Narrated in the straightforward and public mode of the memoir’Äîexcept for its mentions of the Lindsays’Äô initial romance, it is not a ruminative or deeply personal text’ÄîBold Plum affords rich insights into the historical moment and political movement to which its author was an alert witness. The book’Äôs account of the strong peasant support for the red guerrillas certainly gives the lie to recent revisionary accounts of the Chinese revolution asserting that the Communists played no significant role in the resistance to the Japanese invasion. In addition, the memoir illuminates the much-debated matter of the pros and cons of the wartime alliance between the Chinese Communist Party (CCP) and the Kuomintang (KMT). The KMT, Lindsay reports, prevented medical supplies from being transported to Yenan, frequently sabotaged radio contact between the guerrillas and the Americans, and, even after peace was declared, encouraged the Japanese army to continue fighting the Communists in the areas not under KMT control. When Mao returned from a meeting with the KMT leadership in Chonqing in October of 1945 and urged continuing cooperation, she reveals that there occurred a Party meeting at which a ’Äúmotion of censure on Mao’Äôs fitness to lead’Äù was defeated by only a narrow margin. Through her account of the false promises delivered by U.S. Army General Patrick Hurley during his 1945 visit to Yenan, Lindsay also exposes the growing alliance between the US and the KMT in the final phase of the war. Although in retrospective comments clearly written after 1949 she expresses frustration at the US’Äôs failure to work with the Communist government after the revolution, her own account amply testifies to the growing anti-Communist bias of the US high command even before the war ended.
Bold Plum is by no means uncritical of the CCP, especially at its headquarters in Yenan. In mid-1945 Michael Lindsay produced a forty-page report titled ’ÄúWhat Is Wrong with Yenan?’Äù in which he detailed a series of inefficiencies and charged that the CCP’Äôs centralist structure prohibited open criticism of errors and mismanagement. Hsiao Li’Äôs account also reveals the inequality in the medical resources available to Party officials at the Central Hospital and those available to inhabitants of the Yenan community at the more crowded International Hospital. While cultural life at Yenan was lively’Äîoperas, concerts, and dances were weekly occurrences’Äînot all these events were available to everyone. Even though the Chinese treated the American military personnel of all ranks in exactly the same way’Äîgarnering much favor among the U.S. rank and file, unaccustomed to such egalitarian treatment’ÄîYenan was not, for its Chinese inhabitants, an entirely communist society.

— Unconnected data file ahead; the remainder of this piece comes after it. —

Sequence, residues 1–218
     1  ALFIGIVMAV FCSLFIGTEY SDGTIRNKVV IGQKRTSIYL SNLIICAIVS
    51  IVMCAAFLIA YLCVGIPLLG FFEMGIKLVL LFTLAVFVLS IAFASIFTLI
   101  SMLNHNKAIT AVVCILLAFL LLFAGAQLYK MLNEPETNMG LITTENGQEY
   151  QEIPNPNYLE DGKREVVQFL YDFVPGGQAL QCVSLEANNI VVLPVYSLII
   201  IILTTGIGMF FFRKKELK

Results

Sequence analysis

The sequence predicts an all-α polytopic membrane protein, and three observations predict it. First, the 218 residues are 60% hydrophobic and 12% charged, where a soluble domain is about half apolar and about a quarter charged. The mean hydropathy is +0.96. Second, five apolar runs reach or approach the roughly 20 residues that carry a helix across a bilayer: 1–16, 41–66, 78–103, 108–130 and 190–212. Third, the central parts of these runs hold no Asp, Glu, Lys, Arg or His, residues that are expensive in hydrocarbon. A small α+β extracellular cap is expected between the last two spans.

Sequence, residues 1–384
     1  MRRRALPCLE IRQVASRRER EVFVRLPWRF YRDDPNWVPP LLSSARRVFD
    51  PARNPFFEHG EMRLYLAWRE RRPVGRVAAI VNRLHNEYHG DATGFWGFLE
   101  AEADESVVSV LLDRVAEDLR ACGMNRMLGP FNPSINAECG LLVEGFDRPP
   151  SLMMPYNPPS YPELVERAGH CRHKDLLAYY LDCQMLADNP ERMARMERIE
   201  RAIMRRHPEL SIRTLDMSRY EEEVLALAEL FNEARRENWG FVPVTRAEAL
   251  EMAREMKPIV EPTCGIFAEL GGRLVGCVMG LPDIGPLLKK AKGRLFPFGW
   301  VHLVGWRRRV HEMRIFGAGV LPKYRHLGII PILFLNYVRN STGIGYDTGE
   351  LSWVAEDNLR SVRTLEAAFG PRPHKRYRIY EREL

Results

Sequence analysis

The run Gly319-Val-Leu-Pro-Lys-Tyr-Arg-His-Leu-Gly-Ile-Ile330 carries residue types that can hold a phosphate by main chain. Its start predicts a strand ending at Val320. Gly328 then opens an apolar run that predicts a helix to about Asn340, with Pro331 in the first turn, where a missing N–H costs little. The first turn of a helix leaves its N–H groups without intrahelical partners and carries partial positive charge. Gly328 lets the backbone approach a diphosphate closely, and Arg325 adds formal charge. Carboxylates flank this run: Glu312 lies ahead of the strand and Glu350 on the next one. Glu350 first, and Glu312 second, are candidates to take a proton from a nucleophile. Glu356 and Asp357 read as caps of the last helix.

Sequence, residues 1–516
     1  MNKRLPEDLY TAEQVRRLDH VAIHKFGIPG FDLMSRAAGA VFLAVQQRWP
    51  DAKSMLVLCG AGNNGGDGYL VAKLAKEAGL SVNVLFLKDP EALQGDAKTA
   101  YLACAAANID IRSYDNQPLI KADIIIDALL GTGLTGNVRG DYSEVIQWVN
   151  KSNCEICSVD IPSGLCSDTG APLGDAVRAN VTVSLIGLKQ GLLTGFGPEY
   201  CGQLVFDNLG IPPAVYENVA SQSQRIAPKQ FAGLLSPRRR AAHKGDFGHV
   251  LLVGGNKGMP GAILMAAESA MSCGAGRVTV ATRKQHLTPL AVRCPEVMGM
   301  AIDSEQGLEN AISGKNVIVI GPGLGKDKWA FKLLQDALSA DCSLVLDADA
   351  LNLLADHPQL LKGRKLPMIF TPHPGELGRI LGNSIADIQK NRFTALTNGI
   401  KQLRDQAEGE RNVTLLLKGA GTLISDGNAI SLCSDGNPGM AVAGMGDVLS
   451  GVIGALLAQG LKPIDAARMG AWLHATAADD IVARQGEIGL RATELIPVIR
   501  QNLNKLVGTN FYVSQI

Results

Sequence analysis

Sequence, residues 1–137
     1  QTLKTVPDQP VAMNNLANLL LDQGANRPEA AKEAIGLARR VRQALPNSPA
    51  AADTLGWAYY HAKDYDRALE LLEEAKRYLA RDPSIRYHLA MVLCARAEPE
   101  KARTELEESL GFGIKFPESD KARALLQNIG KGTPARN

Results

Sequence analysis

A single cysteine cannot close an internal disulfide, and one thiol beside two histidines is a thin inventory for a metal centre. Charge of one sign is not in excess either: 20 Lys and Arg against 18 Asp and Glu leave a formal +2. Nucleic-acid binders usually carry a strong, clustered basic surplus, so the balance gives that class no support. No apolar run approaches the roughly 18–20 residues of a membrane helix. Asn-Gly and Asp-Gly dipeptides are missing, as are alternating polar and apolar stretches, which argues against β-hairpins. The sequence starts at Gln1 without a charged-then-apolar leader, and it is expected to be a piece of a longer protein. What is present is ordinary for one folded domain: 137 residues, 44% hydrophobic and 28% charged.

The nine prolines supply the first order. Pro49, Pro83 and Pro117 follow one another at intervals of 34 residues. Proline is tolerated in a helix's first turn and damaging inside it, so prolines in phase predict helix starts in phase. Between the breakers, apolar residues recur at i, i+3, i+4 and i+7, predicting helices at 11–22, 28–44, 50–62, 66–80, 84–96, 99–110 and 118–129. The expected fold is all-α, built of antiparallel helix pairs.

Mainly, however, Bold Plum offers a stirring eyewitness account of the mass-based Communist-led movement that grew up during the war against Japan. Describing peasants who ’Äúasked about the world situation and talked about Hitler,’Äù Lindsay notes that the Eighth Route Army encouraged the inhabitants of remote villages to see their own lives in world-historical context: not just the abolition of feudal landlord-peasant relations, but education in historical materialism’Äîindeed, in the epistemology of totality’Äîwas evidently the goal of Communist activity. Lindsay particularly stresses the impact of the red movement on women: wives and grandmothers with their hair done up in great knots on the backs of their heads, looking like figures in a painting from the Ming Dynasty, enter the twentieth century; concubines and enslaved wives are, in the Communist-dominated zones, creatures of the past. Lindsay’Äôs own transformation from privileged daughter and student to revolutionary wife, mother, and teacher’Äîwith an iron-muscled body formed through her own long march’Äîtestifies to the extraordinary impact of the red-led movement to liberate the largest country in the world.
With its vigorous, lively prose and deeply human portrayal of people undergoing change, Bold Plum is an excellent text for introducing young readers to a key phase of revolutionary history. It is also invigorating reading for anyone interested in’Äîand committed to’Äîthe red line of history